How does NIODA relate to theistic evolution? We know that genetic mutations are an essential part of evolution, one of several ways in which truly random events occur in biological organisms. If they bequeath increased fitness to the progeny in a population of organisms competing for finite resources, then natural selection may result in a change in this population, leading to microevolution within species and, in some cases, to macroevolution with the rise of new species. We also know that most forms of genetic mutations necessarily involve quantum processes, such as in the making or breaking of a hydrogen bond in the DNA molecule. Now quantum processes can be interpreted (following the “Copenhagen approach” of Niels Bohr and Werner Heisenberg) as representing real, “ontological indeterminism” and not just “epistemic ignorance” of underlying deterministic processes. In short, nature at the quantum level lacks sufficient causality to bring about these mutations. Instead, God acts together with nature to bring them about. In essence, God’s action actualizes one of several quantum potential outcomes in the process of mutation. In this way God’s action participates in bringing about objective changes in the gene pool without intervening in genetic processes. Thus contrary to atheistic claims that God cannot act in genetic mutations and thus cannot be involved in biological evolution, it is precisely in processes like these that God can act and do so without breaking the laws of nature or interfering in natural processes. In doing so, God remains the transcendent Creator of the universe and all its processes; contrary to some concerns voiced about NIODA, God does not, in fact, act “as” a natural cause, which would threaten to reduce God to a natural, secondary cause. In short, God creates the universe and all its processes ex nihilo (“out of nothing”), and God creates them such that at least at the quantum level these processes are inherently indeterministic, thus making God’s non-interventionist objective action possible. Quantum-based NIODA undercuts the charge of atheists that evolution undermines the possibility of divine action and it makes the program of Intelligent Design to insert an external Agent into nature and to challenge methodological naturalism entirely superfluous. Christians of all confessions can acknowledge evolution as the way God creates the diversity of life on earth and throughout the universe, and celebrate the beauty and complexity of evolutionary nature as God’s gift and as pointing to God’s glory.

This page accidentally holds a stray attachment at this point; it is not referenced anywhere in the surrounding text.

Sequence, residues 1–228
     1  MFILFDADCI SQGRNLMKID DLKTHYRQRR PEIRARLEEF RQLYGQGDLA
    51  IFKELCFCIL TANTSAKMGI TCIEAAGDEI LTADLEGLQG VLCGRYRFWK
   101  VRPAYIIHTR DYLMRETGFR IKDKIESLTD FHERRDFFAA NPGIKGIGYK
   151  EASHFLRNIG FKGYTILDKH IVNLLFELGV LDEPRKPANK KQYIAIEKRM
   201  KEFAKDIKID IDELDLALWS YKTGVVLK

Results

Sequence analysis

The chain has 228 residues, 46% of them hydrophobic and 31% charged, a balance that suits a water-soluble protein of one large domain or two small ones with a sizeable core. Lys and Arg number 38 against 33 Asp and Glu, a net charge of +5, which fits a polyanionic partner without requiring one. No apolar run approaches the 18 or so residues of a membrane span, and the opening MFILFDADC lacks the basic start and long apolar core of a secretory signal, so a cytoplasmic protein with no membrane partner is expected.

May I add a word of clarification: I do not use the term “evolutionary creationism” as suggested by the question given me to address. Instead I support “theistic evolution,” a widely held theological interpretation of biological evolution. For a very helpful survey and assessment of the contributions of many Christian scholars to theistic evolution, see Ted Peters and Martinez Hewlett, Eschatology from Creation to New Creation: Conflict, Conversation and Convergence (Abingdon Press, 2003). I developed the robust form of theistic evolution in terms of NIODA (“non-interventionism/non-miraculous objective divine action”) in Cosmology from Alpha to Omega: The Creative Mutual Interaction of Theology and Science (Minneapolis: Fortress Press, 2008), Chapters 4-6. I am privileged to be an elected Fellow of the American Scientific Association, a mostly evangelical community of scientists which, broadly speaking, is supportive of theistic evolution and which rejects ID, let alone creationism. I understand that BioLogos prefers the term “evolutionary creationism” but I worry that it gives far too much credence to the dead ends and landmines of “creation science” (“scientific creationism”) and “Intelligent Design.” Finally, as a Christian theologian with grateful roots in both conservative and liberal Protestantism and some Roman Catholic scholarship, I accept the biblical miracles: in my approach they are best understood as manifestations in history of the coming eschatological New Creation (and not ‘miracles’ in the naïve view based in Hume as violations of the laws of nature). In particular, I fully accept the bodily resurrection of Jesus Christ, relying on the NT work of such scholars as N. T. Wright and Gerald O’Collins and the theologies of Jürgen Moltmann, Wolfhart Pannenberg, Ted Peters, and Karl Rahner. I have written extensively on the relation between Christian eschatology and scientific cosmology with deep appreciation for the writings of John Polkinghorne.